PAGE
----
Saturday, July 31, 2010

Tips for a Better Short Game.

All of us know someone who has exceptional skills around the green. High, low, check or run they just always seem to have the right shot for the circumstance. So what is it that makes them so different than the rest of us?

Probably most important is that a player with a great short game has a great imagination. They understand there is a best way to get the ball to the hole and they can picture how high it will fly, where the ball will land, and how much it will roll. This ability to “see” the shot is important not only for the experienced player, but even more so for the player trying to learn the skills necessary to hit the shot. It helps the learning process. You are more likely to learn the skill when you have an idea of what you are trying to achieve, than when it happens by accident. So succeed or fail always try to picture how a shot will play out before you attempt it.

The second difference is understanding the relationship between balance and ball trajectory. Quite simply, if your weight is over your back foot the ball will fly high. If the weight is over the front foot the ball will go lower. Of course, the actual height is influenced by the loft of the club but you can vary the trajectory for any club by changing your balance. One way to control this is by how you place your feet when you take your stance. If a lower trajectory shot is required put the club behind the ball and then put your front foot in position as if you were going to hit the shot on one leg. If a higher shot is required place put the club behind the ball and then place you back foot in position first. Again as if you were going to stand on your back leg to swing the club. The body will balance over the leg you place initially and the ball will be in the correct position relative to that stance.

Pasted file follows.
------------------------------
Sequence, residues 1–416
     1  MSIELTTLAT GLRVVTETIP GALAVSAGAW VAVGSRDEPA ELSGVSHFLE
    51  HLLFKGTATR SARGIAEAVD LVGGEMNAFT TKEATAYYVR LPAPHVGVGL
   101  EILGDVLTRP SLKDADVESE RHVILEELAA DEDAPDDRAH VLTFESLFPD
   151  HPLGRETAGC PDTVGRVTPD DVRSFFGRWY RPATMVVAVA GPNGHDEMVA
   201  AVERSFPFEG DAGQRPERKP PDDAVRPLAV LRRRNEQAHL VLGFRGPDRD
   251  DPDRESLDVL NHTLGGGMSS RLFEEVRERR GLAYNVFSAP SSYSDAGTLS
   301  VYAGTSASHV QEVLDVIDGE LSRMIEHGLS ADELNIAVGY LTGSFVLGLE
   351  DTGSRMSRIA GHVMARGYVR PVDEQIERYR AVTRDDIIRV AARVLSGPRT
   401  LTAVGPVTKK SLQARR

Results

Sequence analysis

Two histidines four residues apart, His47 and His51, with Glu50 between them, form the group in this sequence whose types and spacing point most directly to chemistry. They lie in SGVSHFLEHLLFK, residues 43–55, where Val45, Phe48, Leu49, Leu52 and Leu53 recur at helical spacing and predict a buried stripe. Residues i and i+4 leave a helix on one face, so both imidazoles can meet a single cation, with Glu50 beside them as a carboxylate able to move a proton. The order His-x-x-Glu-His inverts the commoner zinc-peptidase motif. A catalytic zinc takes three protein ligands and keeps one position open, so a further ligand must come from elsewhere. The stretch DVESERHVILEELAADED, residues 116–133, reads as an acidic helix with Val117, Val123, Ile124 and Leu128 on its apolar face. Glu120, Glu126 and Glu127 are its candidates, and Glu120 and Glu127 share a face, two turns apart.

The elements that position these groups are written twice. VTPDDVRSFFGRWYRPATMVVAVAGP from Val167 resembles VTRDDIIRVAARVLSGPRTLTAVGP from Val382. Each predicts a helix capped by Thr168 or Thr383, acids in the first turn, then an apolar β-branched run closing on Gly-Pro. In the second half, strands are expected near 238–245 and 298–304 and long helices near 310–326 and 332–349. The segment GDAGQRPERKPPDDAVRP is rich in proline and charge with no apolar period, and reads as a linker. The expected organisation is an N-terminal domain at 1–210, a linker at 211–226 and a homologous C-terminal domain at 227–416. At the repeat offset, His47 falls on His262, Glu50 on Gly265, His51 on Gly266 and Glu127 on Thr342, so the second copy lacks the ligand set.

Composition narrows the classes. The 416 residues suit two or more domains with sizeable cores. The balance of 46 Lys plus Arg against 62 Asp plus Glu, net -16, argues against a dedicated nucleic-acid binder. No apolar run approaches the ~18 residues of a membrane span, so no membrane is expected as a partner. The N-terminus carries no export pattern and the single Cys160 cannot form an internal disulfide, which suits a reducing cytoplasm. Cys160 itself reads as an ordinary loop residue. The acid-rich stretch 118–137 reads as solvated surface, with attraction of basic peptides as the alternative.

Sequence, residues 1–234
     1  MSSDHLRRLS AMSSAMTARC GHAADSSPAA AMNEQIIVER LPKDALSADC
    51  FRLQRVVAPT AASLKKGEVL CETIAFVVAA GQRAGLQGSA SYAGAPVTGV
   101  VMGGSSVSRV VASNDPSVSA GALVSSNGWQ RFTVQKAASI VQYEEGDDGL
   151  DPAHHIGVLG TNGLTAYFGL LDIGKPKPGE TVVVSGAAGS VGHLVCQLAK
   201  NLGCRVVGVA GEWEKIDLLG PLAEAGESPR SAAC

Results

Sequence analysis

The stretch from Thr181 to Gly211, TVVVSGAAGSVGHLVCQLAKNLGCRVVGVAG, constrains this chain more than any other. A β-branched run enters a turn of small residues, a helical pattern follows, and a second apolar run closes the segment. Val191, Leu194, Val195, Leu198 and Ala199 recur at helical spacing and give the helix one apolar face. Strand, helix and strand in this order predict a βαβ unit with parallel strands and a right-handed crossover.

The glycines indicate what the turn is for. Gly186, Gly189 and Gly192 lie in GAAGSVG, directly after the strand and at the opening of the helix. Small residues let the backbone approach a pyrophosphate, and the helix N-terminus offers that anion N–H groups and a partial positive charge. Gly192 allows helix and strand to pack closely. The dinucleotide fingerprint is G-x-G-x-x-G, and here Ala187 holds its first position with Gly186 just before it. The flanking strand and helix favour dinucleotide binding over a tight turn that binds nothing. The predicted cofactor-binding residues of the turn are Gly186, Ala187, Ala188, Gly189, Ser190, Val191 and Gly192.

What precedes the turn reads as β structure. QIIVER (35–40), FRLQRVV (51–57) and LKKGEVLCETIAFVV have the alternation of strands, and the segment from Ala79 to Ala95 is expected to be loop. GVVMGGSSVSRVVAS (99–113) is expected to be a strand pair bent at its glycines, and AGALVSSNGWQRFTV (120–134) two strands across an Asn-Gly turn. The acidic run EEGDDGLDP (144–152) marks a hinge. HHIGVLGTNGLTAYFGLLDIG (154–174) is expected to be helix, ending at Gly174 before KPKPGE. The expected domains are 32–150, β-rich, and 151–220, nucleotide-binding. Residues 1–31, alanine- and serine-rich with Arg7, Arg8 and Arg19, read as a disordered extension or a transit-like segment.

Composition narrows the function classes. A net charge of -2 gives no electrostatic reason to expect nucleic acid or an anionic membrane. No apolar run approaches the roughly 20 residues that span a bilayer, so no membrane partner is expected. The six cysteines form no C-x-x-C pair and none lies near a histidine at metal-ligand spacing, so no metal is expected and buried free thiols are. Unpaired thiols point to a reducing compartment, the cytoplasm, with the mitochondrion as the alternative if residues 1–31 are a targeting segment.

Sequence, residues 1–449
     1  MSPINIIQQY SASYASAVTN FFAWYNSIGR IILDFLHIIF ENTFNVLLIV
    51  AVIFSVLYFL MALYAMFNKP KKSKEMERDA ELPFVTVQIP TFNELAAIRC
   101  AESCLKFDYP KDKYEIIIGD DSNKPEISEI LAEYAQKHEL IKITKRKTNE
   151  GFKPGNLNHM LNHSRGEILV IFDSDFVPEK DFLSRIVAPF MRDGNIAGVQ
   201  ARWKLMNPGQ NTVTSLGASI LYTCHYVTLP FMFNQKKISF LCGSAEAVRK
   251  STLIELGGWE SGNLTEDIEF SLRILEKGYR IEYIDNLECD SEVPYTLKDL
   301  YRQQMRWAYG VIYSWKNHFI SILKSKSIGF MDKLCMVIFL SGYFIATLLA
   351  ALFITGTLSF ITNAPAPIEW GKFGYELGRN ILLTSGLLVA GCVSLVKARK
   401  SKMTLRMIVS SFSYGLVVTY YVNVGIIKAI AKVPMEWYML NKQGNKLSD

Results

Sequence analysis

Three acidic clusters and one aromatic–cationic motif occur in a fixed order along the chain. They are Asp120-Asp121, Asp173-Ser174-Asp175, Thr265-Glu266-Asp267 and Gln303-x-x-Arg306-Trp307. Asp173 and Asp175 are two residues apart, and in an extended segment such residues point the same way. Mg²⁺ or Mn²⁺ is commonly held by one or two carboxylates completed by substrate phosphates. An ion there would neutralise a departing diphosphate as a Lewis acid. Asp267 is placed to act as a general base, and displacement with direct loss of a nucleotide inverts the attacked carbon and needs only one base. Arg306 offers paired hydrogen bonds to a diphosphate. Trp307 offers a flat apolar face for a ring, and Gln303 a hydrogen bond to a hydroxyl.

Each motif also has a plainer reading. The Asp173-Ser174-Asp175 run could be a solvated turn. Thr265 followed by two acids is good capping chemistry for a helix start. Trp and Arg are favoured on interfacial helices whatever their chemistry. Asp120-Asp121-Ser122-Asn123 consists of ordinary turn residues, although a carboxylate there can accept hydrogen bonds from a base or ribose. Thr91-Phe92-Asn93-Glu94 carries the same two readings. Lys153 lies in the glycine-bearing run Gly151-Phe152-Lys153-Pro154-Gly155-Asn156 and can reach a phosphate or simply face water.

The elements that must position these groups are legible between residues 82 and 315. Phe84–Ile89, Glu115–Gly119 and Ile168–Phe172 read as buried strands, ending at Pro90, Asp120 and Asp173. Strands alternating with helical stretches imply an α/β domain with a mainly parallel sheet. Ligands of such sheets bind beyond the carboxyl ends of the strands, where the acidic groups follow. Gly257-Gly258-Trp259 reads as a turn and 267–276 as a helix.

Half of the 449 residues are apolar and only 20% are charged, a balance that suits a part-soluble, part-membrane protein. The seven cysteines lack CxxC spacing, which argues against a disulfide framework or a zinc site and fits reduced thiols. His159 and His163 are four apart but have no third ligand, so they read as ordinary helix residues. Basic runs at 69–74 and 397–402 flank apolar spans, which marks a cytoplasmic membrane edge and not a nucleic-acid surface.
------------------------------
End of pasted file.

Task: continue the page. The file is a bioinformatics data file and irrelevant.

The final difference to understand is that the hands control the club and the shoulders supply the power. You need your hands to control the position of the clubface during the shot. They cannot accomplish that while they are trying to move the club through the ball. That is where the shoulders come in to play. If you are having a hard time understanding this try the following drill. Find two old washcloths; put one under each arm so that your upper arms stay connected to your chest. Now go and hit small shots using just the motion of your shoulders and a small swing of the arms restricted by the washcloths. Don’t allow them to fall! For you handsy players this will be difficult at first, but as you work through it you will find the less you use your hands the easier to hit the ball in the middle of the club face.